Articles



Colonization Diminishes Us All

“The most potent weapon in the hands of the oppressor is the mind of the oppressed.” —Steven Biko   The unseen is always more powerful than what is seen. Small changes in the underlying patterns that organize everything can have large effects, whether it is in our DNA, our culture, or in our minds. This  Continue Reading »

[ Read More → ]

Non-Doing Mind

Last summer in Maine, my wife Erin laughingly pointed out a boutique having a sale on little packets of seed balls, She said,” Isn’t it ironic that a man who focused on not-doing is known for the ways of doing that he developed?  She was referring of course to Japanese farmer Masanobu Fukuoka who developed  Continue Reading »

[ Read More → ]

SW Permaculture tour

My family and I did a permaculture tour of the Four Corners region last month. First we spoke and facilitated a food forest design for a community park in Boulder UT. After driving through amazing spring wildflowers in Capitol Reef National Park we returned to Moab for the fifth year to work with the wonderful  Continue Reading »

[ Read More → ]

The Border Between Us and It

The key to all of our problems is knowing where and how we belong…within nature. No matter how clever they are, so long as we are outside doing things to the living world, all of our ecological efforts are manipulations. We are engineers or operators  rather than members. Only when we enter the world can  Continue Reading »

[ Read More → ]

Designing Sytems not Structures

Permaculture is about designing connections. This is because nature is a self-weaving web of relationships. It is the connective tissue that holds any community together. Our lives depend on the relationships we create. Like a hammock they hold us when we need it most and they enable the communication that we need to know and  Continue Reading »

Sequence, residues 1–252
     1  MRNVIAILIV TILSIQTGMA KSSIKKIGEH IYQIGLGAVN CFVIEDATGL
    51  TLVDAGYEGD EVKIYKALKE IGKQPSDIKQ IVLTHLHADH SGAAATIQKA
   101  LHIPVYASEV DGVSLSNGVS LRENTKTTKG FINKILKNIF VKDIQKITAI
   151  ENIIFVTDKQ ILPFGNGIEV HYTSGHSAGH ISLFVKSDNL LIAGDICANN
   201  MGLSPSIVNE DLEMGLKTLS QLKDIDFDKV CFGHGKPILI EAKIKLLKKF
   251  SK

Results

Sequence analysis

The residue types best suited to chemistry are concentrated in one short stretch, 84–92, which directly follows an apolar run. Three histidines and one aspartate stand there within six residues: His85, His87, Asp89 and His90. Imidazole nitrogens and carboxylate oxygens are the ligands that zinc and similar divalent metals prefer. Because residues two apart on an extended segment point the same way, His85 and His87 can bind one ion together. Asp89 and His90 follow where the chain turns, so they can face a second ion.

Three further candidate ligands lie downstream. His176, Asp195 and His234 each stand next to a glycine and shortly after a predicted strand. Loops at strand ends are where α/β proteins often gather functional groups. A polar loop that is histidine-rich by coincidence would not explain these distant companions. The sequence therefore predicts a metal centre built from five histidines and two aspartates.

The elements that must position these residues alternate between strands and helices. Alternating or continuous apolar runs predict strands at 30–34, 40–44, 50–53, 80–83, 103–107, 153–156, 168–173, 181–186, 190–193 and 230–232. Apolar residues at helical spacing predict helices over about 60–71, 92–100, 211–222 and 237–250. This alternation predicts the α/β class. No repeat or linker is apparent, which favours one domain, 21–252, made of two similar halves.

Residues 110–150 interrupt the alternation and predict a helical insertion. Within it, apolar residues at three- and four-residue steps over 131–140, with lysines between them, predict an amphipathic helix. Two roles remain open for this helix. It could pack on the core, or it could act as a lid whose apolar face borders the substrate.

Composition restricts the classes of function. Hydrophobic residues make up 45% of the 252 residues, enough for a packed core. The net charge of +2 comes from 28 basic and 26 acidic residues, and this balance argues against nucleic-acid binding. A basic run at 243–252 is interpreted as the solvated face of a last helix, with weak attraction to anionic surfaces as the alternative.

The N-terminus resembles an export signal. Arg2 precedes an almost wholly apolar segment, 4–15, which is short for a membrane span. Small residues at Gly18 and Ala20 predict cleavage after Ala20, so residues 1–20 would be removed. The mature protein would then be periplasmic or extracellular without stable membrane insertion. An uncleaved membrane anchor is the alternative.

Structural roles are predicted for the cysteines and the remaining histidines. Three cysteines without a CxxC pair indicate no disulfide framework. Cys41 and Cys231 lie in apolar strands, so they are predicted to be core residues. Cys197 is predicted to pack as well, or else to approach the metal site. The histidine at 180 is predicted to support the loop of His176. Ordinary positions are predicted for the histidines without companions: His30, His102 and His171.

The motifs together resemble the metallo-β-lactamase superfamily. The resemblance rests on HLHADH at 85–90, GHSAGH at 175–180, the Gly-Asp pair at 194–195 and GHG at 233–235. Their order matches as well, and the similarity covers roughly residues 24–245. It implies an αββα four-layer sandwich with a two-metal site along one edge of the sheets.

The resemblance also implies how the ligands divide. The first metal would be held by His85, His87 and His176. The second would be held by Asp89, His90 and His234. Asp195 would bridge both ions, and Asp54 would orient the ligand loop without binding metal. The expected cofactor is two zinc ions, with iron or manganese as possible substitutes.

[ Read More → ]

Zuni Water Harvesting Techniques

Joel Glanzberg is a palaeohydrologist — he studies water use of ancient American Indians in the Southwest. He says the Zuni in New Mexico used sunken beds called “waffle gardens” for growing high-value crops like tobacco and chiles. Modern kitchen gardens can benefit from this prehistoric technology.

[ Read More → ]

Native Harvest for a Modern World ENCORE

Listen to Audio Podcast Here: [media url=”http://patternmind.org/wp-content/uploads/2013/01/MakingCon_121121_Ax.mp3″ width=”600″ height=”20″ jwplayer=”controlbar=bottom”] For centuries, the Taos Pueblo people in New Mexico lived entirely off their land.  Sustainable agriculture was a way of life, but U.S. federal policies helped put an end to that. Food wasn’t grown at the pueblos; it was trucked in. Traditional farming gave way  Continue Reading »

[ Read More → ]

Serving the master tea

One of the things we learned last weekend with Joel Glanzberg was this motion called ‘serving the master tea.’ Basically, you start with your hands out in front of you, palms up, like you’ve got a tray filled with tea. Then you swoop them up, around and down again without flipping over your hands ever. There’s an advanced version where your arms are moving opposite directions of each other. I think that one was called ‘tripping out the master.’

[ Read More → ]

Soft Infrastructure for Sandy

In an era of decreased budgets at every level of government the disasters caused by storms like Super Storm Sandy present us real problems. They also are causing us to be creative and to form unique partnerships. While building hard infrastructure is expensive and time consuming, partnering with nature and allowing the re-establishment of buffering wetlands may be more cost and outcome effective. Our choices may have more to do with habit than rationality.

[ Read More → ]

Permaculture-A way of Seeing

In nature and in permaculture, everything has needs and products. Any needs not provided by the system must be provided by us, and that is work we have to do. Any products not used by the system are wasted and hence are pollution.

[ Read More → ]